Very rare syndrome characterized by
craniosynostosis, midfacial hypoplasia, hypertrichosis, and anomalies of the
heart, eyes, teeth, and external genitalia.
Craniofacial Dysostosis, Genital, Dental, Cardiac
Syndrome; Craniofacial Dysostosis, Hypertrichosis, Hypoplasia of Labia
Less than 10 cases have been reported in the
Characteristic features include dental anomalies,
multiple eye malformations, and craniofacial dysostosis with genital and
Patients present with either normal intelligence
or mild mental retardation and short stature. This complex polymalformative
syndrome associates facial anomalies that involve eyes (microphthalmos,
down-slanted fissures, coloboma of the eyelid, defect of lacrimal system),
mouth (anodontia or oligodontia, high-vaulted, narrow palate, cleft soft
palate), ear (hypoplastic lobe and deafness), and skull (midface hypoplasia,
brachycephaly, premature synostosis of the coronal sutures, hypertelorism,
low hairline, and elevation of the lesser sphenoid wings). Other features
include skeletal abnormalities (syndactyly of fingers, hypoplastic distal
phalanges of hands and feet, and pectus excavatum), external female genitalia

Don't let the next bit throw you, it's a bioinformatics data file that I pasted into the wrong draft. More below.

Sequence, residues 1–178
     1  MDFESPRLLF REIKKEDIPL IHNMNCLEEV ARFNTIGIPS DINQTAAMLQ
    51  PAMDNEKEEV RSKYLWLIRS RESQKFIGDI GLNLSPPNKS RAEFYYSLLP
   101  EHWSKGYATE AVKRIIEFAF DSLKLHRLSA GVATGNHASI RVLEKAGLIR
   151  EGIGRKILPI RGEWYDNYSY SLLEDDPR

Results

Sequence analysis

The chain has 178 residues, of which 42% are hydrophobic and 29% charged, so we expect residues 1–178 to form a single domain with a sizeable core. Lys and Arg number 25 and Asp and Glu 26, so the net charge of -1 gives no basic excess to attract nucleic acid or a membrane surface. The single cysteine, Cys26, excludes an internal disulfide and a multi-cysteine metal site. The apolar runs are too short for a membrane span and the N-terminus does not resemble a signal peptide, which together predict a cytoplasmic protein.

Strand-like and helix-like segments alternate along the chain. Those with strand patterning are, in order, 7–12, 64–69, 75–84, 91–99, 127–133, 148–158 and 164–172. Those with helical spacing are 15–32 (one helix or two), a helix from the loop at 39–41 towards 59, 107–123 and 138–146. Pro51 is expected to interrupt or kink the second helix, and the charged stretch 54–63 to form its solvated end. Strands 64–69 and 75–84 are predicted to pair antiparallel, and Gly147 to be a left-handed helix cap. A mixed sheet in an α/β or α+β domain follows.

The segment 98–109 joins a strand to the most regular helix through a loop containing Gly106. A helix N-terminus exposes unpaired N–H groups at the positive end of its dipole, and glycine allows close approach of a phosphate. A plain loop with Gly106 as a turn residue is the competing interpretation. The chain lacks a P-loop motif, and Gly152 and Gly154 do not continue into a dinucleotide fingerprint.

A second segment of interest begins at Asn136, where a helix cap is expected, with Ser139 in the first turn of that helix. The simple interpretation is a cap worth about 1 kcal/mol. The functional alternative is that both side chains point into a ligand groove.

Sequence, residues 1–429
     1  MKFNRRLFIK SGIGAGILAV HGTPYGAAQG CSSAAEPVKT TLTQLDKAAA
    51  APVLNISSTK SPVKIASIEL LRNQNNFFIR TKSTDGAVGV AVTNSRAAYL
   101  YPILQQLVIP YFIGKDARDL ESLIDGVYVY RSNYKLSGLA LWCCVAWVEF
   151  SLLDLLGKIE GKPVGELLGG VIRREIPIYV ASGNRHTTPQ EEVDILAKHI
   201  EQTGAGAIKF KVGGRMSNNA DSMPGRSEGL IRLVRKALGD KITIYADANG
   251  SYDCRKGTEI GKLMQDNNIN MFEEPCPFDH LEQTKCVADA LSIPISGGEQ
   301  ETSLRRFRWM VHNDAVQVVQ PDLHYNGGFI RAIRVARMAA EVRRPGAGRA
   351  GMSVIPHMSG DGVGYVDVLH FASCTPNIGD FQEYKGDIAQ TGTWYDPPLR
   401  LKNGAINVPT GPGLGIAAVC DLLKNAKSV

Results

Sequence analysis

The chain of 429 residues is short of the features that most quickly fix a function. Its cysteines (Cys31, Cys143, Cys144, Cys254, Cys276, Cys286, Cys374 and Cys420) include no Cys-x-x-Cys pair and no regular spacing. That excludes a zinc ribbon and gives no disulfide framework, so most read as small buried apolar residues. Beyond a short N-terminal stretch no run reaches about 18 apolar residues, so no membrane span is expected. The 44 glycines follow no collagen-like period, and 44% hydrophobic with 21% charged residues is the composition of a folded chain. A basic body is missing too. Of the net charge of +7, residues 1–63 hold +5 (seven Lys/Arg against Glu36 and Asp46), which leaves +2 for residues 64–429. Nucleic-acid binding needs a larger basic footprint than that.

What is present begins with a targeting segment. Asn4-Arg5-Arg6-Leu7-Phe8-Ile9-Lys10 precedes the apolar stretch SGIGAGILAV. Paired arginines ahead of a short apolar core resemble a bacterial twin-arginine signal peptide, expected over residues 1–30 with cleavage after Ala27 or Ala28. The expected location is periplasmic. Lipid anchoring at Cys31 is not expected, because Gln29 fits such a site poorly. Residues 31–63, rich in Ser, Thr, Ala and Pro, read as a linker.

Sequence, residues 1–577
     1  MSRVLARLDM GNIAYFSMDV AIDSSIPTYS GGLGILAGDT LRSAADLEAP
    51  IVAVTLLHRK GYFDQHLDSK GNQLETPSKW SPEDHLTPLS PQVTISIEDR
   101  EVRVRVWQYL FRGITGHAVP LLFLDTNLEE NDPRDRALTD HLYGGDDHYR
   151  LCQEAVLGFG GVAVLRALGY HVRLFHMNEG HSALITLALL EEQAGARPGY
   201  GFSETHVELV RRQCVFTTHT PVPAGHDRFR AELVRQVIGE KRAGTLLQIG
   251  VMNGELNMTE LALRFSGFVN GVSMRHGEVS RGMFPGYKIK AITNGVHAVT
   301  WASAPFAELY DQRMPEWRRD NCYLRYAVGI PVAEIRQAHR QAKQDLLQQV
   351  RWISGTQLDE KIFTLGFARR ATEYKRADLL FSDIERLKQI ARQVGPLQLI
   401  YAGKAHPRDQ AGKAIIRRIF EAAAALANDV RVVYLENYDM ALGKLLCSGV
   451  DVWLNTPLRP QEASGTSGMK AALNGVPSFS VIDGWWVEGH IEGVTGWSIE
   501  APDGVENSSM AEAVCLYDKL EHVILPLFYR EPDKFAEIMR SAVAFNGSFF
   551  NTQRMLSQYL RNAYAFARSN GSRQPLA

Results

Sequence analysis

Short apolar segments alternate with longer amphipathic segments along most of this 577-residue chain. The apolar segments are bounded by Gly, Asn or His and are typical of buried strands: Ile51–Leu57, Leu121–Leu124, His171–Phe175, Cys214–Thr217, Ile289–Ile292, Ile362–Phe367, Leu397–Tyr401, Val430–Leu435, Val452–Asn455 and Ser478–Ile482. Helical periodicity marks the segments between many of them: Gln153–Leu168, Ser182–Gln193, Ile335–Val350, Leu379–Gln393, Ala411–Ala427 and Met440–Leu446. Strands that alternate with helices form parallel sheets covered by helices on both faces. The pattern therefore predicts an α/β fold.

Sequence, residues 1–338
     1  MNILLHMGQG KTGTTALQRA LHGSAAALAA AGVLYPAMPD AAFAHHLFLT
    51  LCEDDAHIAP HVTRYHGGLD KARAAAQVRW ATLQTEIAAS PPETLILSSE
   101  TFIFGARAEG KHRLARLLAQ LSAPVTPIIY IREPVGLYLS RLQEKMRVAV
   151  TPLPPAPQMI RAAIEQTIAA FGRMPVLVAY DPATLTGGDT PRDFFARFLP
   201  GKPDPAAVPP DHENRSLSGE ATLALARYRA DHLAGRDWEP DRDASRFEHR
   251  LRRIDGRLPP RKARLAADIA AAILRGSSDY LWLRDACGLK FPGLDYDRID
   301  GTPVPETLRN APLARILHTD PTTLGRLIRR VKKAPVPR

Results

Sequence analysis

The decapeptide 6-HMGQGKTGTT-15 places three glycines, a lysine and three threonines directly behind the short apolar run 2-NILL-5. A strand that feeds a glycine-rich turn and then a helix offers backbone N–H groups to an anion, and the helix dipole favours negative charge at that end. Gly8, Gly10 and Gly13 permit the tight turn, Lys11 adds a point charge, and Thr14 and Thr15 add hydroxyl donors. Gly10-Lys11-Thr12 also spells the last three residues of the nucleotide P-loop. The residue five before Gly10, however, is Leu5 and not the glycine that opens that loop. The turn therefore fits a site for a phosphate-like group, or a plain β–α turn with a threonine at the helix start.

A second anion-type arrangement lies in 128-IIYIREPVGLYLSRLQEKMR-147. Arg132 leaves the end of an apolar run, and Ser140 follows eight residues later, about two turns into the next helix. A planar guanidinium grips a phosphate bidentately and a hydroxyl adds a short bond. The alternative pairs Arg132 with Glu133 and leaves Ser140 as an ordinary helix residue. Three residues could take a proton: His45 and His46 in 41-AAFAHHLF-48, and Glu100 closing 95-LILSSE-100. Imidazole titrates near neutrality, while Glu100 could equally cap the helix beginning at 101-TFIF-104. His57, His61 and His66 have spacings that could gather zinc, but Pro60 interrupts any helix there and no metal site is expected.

anomalies (hypoplasia of the labia majora, short vagina, and malformed
uterus), umbilical hernia, hypertrichosis, and patent ductus arteriosus.
Assess for signs of difficult intubation
(clinical, radiographs) and evaluate cardiac function (clinical, echography,
radiographs), particularly to determine size of the patent ductus arteriosus and
the pulmonary artery pressure.
Careful intraoperative positioning is
needed because of skeletal malformations. Face-mask ventilation and direct
laryngoscopy can be difficult because of craniofacial anomalies. Venous
access and pulse oximetry can be a challenge because of limb
deformations and dermatoglyph modifications.
Anesthetic drug choice must consider the
existence of a patent ductus arteriosus with potentially increased pulmonary arterial pressures.
Gorlin RJ, Chaudry AP, Moss ML: Craniofacial dysostosis, patent ductus
arteriosus, hypertrichosis, hypoplasia of labia majora, dental and eye
anomalies: A new syndrome? J Pediatr
Ippel PF, Gorlin RJ, Lenz W, et al: Craniofacial dysostosis, hypertrichosis,
genital hypoplasia, ocular, dental, and digital defects: Confirmation of the
Gorlin-Chaudry-Moss syndrome. Am J Med Genet